Curtis Publishing Co. v. Butts
Curtis Publishing Co. v. Butts, 388 U.S. 130 (1967), was a landmark decision of the US Supreme Court establishing the standard of First Amendment protection against defamation claims brought by private individuals.
|Curtis Publishing Co. v. Butts|
|Argued February 23, 1967|
Decided June 12, 1967
|Full case name||Curtis Publishing Company v. Wally Butts|
|Citations||388 U.S. 130 (more)|
|Prior||Cert. to the United States Court of Appeals for the Fifth Circuit|
|Subsequent||No. 37, 351 F.2d 702, affirmed; No. 150, 393 S.W.2d 671, reversed and remanded|
|Libel damages may be recoverable against a news organization if the injured party is not a public official, but a claimant must demonstrate a reckless lack of professional standards, on the part of the organization, in examining allegations for reasonable credibility.|
|Plurality||Harlan, joined by Clark, Stewart, Fortas|
|Concur/dissent||Black, joined by Douglas|
|Concur/dissent||Brennan, joined by White|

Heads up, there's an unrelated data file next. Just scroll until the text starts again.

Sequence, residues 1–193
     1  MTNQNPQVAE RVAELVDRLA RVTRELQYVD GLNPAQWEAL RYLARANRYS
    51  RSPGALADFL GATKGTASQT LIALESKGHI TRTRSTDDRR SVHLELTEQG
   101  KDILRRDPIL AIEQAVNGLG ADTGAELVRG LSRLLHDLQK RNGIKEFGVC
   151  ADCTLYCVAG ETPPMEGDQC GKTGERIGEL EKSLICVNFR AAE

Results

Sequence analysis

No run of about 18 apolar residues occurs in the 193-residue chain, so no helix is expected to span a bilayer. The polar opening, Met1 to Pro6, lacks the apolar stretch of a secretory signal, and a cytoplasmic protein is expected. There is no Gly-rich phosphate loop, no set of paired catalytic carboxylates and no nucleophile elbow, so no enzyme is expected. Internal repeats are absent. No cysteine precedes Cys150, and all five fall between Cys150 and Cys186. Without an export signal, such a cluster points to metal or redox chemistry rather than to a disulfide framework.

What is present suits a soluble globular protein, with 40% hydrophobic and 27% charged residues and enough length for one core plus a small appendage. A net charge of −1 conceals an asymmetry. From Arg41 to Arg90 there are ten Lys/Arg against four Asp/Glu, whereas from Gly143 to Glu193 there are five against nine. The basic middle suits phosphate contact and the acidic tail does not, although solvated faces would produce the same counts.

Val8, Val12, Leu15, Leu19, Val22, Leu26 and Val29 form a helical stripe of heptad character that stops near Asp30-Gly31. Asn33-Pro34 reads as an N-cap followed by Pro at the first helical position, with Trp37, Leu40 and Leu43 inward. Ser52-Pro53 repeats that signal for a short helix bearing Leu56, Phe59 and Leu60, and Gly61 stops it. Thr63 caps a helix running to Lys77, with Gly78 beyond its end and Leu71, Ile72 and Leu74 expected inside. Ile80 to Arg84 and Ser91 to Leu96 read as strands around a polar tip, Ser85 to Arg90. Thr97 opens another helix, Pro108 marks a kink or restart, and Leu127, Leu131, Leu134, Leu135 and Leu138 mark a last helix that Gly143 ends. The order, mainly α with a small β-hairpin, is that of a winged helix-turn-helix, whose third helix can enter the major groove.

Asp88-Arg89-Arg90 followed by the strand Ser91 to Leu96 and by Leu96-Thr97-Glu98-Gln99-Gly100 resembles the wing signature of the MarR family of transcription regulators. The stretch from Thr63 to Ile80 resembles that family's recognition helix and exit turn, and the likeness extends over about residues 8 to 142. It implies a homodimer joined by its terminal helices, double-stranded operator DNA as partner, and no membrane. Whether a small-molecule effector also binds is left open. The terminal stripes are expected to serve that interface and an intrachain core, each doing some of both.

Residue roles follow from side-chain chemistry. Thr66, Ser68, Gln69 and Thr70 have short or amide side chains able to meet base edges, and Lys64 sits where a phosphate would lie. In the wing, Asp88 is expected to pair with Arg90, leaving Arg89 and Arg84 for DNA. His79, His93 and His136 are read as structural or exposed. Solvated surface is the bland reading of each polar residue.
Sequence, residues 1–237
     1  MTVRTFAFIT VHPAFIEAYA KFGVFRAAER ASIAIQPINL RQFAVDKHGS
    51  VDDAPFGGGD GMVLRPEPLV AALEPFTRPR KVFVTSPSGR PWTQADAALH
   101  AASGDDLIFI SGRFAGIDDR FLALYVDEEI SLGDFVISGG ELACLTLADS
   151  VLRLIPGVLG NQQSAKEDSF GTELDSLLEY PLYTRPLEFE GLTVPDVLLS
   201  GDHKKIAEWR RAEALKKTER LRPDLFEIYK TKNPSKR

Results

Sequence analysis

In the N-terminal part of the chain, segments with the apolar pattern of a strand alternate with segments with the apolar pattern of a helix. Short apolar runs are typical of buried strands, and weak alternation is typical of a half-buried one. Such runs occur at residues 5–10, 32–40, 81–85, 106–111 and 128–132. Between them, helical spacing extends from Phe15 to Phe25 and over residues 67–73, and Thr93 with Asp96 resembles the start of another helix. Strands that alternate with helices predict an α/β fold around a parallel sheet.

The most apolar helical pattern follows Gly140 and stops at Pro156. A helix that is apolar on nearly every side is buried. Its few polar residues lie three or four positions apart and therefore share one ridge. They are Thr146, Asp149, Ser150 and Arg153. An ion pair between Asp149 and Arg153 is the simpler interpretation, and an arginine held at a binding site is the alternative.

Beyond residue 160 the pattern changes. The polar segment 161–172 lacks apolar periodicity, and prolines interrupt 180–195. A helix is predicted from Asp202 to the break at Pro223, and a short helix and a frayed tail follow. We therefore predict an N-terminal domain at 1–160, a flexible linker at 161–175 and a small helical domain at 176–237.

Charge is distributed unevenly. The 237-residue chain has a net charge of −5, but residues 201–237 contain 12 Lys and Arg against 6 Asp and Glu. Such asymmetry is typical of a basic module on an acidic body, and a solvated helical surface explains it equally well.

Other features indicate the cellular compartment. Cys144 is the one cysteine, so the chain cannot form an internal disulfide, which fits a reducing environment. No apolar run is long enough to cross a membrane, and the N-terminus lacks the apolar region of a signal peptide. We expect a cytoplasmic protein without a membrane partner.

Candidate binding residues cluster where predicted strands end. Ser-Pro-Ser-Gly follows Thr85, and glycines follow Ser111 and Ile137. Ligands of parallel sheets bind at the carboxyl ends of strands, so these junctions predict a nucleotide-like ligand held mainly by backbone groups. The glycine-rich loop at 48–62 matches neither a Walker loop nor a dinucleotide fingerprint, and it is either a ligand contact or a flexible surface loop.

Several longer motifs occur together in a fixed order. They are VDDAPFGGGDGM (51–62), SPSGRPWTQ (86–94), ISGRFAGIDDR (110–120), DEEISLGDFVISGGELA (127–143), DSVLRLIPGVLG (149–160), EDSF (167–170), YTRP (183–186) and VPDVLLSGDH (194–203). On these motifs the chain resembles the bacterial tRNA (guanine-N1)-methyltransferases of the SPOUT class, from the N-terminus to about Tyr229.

|U.S. Const. amend. I|
The case involved a libel lawsuit filed by the former Georgia Bulldogs football coach Wally Butts against The Saturday Evening Post. The lawsuit arose from an article in the magazine, which alleged that Butts and the Alabama head coach Bear Bryant had conspired to fix games. The Butts suit was consolidated with another case, Associated Press v. Walker, and both cases were decided in one opinion.
In finding for Butts but against Walker, the Supreme Court gave some indications of when a "public figure" could sue for libel.
In a plurality opinion, written by Justice John Marshall Harlan II, the Supreme Court held that news organizations were protected from liability when they print allegations about public officials. However, New York Times Co. v. Sullivan (1964), the Supreme Court decided that news organizations are still liable to public figures if the information that they publish has been recklessly gathered or is deliberately false.
The settlement was seen as a contributing factor in the demise of The Saturday Evening Post and its parent corporation, the Curtis Publishing Company, two years later. Butts and Bryant had sued for $10 million each. Bryant settled for $300,000.